Welcome to Undertones, the Civic Media Observatory newsletter! In each edition we'll analyze an event, emerging trend, or a complex story, identifying key narratives of urgent public interest, delving deep into the context and subtext of local, vernacular and multilingual media. Undertones also offers an entry point into the public datasets that underpin our Observatory work.
In this edition: Bangladesh
Bangladeshis will head to the polls for the last phase of their local elections on January 31 and February 7. The election period has been mired in political violence. In 2021, 126 people were killed and 7,989 injured during local campaigns, according to human rights organization Ain o Salish Kendra.
Contrary to what one might think, the clashes are not always between the country’s leading party, the center-left Awami League, which has been in power since 2009, and its long-time opposition rival, the Bangladesh Nationalist Party (BNP).
Electoral violence in fact has flared up within the ranks of the Awami League itself, as prospective candidates compete to be nominated by the party. Party outsiders are strongly discouraged from participating in elections. The Awami League has a strong hold on Bangladeshi politics which has been bolstered by the weakening of the opposition due to corruption allegations and repression by the ruling party.
Despite being formally a multi-party state, the ruling party Awami League has placed significant obstacles to power before opposition parties and independent candidates. Use of violence is common against political opponents, scholars, journalists, and activists, and its 2018 Digital Security Act stifles freedom of press.
Awami League narratives
The Awami League effectively squelched its opposition in 2014, the year in which the BNP began refusing to participate in elections at all on the grounds that they were rigged.
Today, nomination by the Awami League is a golden ticket to being elected. Candidates who are not chosen by the party but still run for election are labelled “independent” or “rebel,” and are at the highest risk of being the targets of lethal violence. In the previous round of elections in January, independent candidates led in the polls.
The largest daily newspaper in Bangladesh, Prothom Alo, reported that Abul Kalam Azad, an Awami League candidate, had ordered party workers to draw a list of independent candidates and make sure they voted for the Awami League, as these candidates were essentially “the shield of [the opposition] BNP.”
Posted on Facebook, the Prothom Alo story garnered many critical reactions against the way the Awami League does politics. Our researcher assigned this item a score of +2 in the Observatory’s ranking of civic value, as unbiased reports on election violence are rare in Bangladeshi mainstream media. More analysis here.
Another popular target of pro-government politicians and oligarchs are scholars, journalists, cartoonists, activists, and others who publicly critique and scrutinize Bangladeshi politics. People who criticize the government online risk imprisonment under the country’s Digital Security act, and may also be physically attacked and, in extreme cases, forcibly disappeared. The number of instances of political violence fluctuates from year to year, but in some years has reached more than 26,000.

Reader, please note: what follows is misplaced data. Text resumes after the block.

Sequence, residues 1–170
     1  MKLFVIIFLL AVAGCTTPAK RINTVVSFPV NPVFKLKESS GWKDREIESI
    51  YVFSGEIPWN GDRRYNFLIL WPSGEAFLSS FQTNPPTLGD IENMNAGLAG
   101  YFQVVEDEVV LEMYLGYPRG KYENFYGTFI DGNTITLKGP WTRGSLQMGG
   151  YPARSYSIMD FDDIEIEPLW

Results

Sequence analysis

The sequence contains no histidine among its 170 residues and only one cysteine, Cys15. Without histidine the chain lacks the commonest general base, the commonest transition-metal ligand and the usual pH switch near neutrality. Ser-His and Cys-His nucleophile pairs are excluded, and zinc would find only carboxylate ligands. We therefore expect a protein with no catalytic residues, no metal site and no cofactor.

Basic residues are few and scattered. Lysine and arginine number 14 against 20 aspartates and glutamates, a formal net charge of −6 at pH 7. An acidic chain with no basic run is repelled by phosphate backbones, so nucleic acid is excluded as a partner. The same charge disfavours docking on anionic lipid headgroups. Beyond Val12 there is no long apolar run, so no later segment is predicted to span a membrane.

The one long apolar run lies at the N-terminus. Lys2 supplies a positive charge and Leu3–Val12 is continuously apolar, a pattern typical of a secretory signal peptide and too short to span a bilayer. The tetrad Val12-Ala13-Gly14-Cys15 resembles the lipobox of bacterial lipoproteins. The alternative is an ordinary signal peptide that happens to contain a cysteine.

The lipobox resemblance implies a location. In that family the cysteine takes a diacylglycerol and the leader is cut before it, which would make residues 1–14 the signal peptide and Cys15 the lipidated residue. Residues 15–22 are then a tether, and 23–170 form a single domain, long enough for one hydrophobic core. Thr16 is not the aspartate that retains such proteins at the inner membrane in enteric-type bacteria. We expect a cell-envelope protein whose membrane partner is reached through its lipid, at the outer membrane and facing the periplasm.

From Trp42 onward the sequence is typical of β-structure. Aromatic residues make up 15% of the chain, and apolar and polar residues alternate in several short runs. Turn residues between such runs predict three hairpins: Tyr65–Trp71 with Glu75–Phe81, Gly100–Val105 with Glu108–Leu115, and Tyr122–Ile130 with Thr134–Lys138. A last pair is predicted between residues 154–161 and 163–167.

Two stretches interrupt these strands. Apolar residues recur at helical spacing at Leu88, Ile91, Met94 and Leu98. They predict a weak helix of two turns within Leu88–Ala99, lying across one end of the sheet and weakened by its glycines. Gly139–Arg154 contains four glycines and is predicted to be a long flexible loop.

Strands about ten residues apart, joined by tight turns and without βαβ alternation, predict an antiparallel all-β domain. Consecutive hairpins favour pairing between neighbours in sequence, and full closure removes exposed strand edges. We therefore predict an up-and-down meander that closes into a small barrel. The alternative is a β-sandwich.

As a result, mainstream media outlets exercise selective self-censorship when reporting on powerful politicians and oligarchs. Protests have also erupted these past few years calling for the repeal of the Digital Security law.
This mainstream news item showcases a video of the son of an Awami League candidate for local office encouraging his father’s supporters to “commit murders if necessary” to win the election.
The video went viral—at the time of writing it has received 15,931 reactions and was posted 180 times on Facebook, as well as viewed over a million times on the YouTube channel of Jamuna TV. Most commenters argued that the video reveals—or confirms—the way the Awami League conducts politics. The post, according to our researcher may incite violence.
News, seen through the eyes of the Observatory
Using the Observatory methodology, researcher Ananya uncovers the ways Indian media and politicians covered the Bulli app case, in which a hundred Muslim women found themselves up for auction online. “The severity of the crime,” she writes, appears to be “determined by the identity of the victim and perpetrator.” Read the story.
Other highlights from the Observatory
As Russia threatens the US and NATO with stationing armies near Ukraine’s borders, pro-government editorial media and social media treat the crisis as a “joke” and a “baseless accusation,” while others observe that Russia is a nuclear “superpower” that has never lost a war.
Tourism is central to the messaging of Pakistan’s ruling party, including for Prime Minister Imran Khan, a self-proclaimed environmentalist. Yet when more than 22 people died while trapped in their vehicles due to heavy snowfall at a popular mountain resort earlier in January, Khan’s reaction largely placed the blame on the victims for visiting the area at this time, drawing widespread criticism from the public.
Local and international media outlets report that settler-motivated violence in Nicaragua and state-sponsored persecution of indigenous groups in the Caribbean region are not random events, but part of a larger policy to control and reserve the territory for the expansion of other models of development, economy, and enrichment.